Love Thy Pollineighbor – March 2017

At first I thought they were flies. Tiny, black, wings. Two of them I found legs-up in the windowsill. They were swept away with nary a thought. Until I saw another one on the floor. The dustbuster was poised to devour this third creature when something caught my eye. Movement. Was this fly-thing alive?

I dropped to the floor for a closer look. He was moving. Wearily, but moving. Gently, I scooted him onto my hand. He wasn’t black, exactly, because in the light he had a blue metallic sheen. Four wings. I noticed the antennae were long and his eyes were on the side of head. This was no fly. This was a bee. A little mason bee, specifically a blue orchard mason bee.

Like most bees, they are not aggressive and will sting only if handled roughly. Male bees don’t have stingers, rendering them defenseless. The female stingers are called ovipositors, which is how they lay their eggs. No stinger and a short tuft of white facial hair distinguished this little guy as a male.

I didn’t know what to do. Maybe he was hungry? Then again, I have an Italian mother. Food is the solution to every problem. You have a headache? Eat some pasta! Your car won’t start? Have a cannoli!

I keep a stock of sugar water in the fridge for the Anna’s Hummingbirds. Placing a few drops on my palm, I watched my little buddy imbibe the juice, his proboscis working overtime. He was hungry. He took some more and cleaned himself. Now what?

I placed him in a sprouting jar and rushed to Shooting Star Nursery. It’s a bee emergency! Joey mollified my angst with his infinite bee knowledge. He confirmed the identity of this unseasonable visitor. Shooting Star has a plethora of winter-blooming plants, so we set the bee free to indulge in the blossoms of sweet goodness. A bee buffet. I was assured my little bee would find a safe hole to rest when the temperatures dropped again. Fortunately, I purchased two fuchsia-colored Heath plants, because six more bees emerged in the house. I’m not sure from where they came, but I suspect from old wood we brought inside to burn. Mason bees nest in holes or tunnels (dead wood, reeds, trees) rather than hives. Check your wood before burning. If you see holes that have been plugged by mud, you may have yourself some overwintering bees in there. I recommend keeping that wood outside until spring as they normally emerge around mid-march or after temperatures reach 50-55°F. They are then busy pollinating until the beginning of June before a 10-month overwinter period.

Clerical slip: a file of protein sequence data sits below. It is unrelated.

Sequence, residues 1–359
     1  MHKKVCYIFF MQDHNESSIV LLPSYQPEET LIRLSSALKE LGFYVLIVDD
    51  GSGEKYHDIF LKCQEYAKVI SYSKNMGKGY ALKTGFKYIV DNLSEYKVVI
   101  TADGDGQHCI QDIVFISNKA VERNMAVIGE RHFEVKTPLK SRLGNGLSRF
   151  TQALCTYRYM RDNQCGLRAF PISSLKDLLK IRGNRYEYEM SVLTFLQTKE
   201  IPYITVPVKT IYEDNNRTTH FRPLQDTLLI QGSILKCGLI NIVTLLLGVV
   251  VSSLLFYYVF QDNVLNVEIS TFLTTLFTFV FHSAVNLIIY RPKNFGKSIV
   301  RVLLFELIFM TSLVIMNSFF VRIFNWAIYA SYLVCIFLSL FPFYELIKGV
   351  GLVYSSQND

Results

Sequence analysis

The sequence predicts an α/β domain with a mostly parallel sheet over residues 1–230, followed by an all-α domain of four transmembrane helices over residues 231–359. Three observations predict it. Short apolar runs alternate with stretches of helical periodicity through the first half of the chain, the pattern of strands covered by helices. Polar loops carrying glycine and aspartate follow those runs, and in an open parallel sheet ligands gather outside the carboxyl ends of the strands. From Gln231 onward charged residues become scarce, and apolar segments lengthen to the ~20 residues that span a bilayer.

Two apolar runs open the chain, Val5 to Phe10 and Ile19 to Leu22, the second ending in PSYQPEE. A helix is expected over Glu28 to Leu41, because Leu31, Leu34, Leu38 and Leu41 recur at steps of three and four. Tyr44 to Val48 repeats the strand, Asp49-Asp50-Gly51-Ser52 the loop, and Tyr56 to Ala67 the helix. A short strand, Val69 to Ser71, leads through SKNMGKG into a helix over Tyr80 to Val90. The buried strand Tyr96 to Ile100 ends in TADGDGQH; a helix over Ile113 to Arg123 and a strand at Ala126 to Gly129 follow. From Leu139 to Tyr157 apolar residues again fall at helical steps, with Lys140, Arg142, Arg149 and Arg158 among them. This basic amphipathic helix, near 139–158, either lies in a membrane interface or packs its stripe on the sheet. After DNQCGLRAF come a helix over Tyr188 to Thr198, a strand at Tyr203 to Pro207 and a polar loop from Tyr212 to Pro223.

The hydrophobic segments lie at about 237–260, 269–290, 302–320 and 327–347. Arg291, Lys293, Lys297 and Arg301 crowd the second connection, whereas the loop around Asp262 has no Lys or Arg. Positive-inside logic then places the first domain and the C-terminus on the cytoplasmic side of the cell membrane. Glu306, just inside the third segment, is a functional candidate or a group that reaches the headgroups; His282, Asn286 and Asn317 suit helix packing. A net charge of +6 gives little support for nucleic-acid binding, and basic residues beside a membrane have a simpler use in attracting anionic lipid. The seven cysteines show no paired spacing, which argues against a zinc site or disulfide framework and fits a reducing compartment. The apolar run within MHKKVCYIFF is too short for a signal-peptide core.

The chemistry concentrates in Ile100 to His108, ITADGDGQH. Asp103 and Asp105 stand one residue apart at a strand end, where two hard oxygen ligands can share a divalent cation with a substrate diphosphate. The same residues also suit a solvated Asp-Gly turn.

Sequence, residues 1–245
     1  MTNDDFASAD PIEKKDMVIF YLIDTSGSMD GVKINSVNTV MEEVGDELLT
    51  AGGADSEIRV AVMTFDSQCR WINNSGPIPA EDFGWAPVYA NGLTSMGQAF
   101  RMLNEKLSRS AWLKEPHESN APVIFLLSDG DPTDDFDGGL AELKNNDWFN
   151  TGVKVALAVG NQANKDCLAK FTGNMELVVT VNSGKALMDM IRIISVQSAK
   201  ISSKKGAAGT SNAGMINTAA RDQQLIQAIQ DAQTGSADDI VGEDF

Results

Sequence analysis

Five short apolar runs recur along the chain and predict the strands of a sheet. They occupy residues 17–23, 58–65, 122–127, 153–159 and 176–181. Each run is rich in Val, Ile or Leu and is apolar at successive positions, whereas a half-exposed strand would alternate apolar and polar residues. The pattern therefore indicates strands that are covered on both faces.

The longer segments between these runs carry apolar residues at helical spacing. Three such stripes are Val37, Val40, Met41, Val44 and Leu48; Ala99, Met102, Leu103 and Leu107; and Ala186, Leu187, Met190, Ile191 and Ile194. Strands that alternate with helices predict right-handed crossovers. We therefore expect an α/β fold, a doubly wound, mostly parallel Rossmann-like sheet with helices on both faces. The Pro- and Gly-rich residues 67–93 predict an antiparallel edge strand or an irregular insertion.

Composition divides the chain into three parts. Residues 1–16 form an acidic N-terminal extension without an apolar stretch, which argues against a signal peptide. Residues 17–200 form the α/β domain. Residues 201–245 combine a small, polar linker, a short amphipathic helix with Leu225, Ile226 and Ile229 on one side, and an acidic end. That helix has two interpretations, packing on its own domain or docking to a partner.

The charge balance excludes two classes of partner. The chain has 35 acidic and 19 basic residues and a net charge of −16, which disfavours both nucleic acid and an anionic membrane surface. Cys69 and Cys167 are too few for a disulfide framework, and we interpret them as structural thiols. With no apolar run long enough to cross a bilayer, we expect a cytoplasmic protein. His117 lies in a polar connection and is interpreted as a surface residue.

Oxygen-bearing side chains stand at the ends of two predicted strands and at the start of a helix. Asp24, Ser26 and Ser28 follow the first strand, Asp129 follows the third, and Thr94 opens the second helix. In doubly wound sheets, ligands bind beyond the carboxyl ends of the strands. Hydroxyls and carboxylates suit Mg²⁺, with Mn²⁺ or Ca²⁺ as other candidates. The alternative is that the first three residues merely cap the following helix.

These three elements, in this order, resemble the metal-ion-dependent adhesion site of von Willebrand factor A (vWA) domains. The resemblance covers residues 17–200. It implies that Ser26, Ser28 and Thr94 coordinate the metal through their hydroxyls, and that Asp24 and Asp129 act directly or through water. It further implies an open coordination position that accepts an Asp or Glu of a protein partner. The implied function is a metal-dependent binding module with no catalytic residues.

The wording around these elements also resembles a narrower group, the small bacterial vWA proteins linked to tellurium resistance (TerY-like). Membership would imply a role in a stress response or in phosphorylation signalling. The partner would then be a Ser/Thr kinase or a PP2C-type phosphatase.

Mason bees produce only one generation a year and pollinate about 95% of the flowers they visit according to the OSU extension article Nurturing Mason Bees in Your Backyard in Western Oregon, and the Xerces Society considers native bees to be more efficient than honey bees at pollinating particular crops like squash, berries, and tree fruits.

Our native bees are also more vulnerable to pesticides, because they sleep outside with 70% nesting in the ground and the other 30% nesting in flowers and small tunnels. With honey bee populations on the decline, native bees play a vital role in our food production.

This little mason bee experience reminded me about the importance of having a food source for our pollinators who show up on warm winter days. Shooting Star suggests these winter blooming plants:

  • Strawberry Bush
  • Camellia
  • Heath
  • Witchhazel
  • Oregon Grape
  • Osmanthus
  • Andromeda
  • Sweetbox

I was preparing to write more about neonicotinoids in this article, but that plan was interrupted by life. In coming months, I’ll share more about the extraordinary native bees and other beneficial insects and how we can help protect them by creating habitat and using alternative/nontoxic methods for managing pest insects and plants.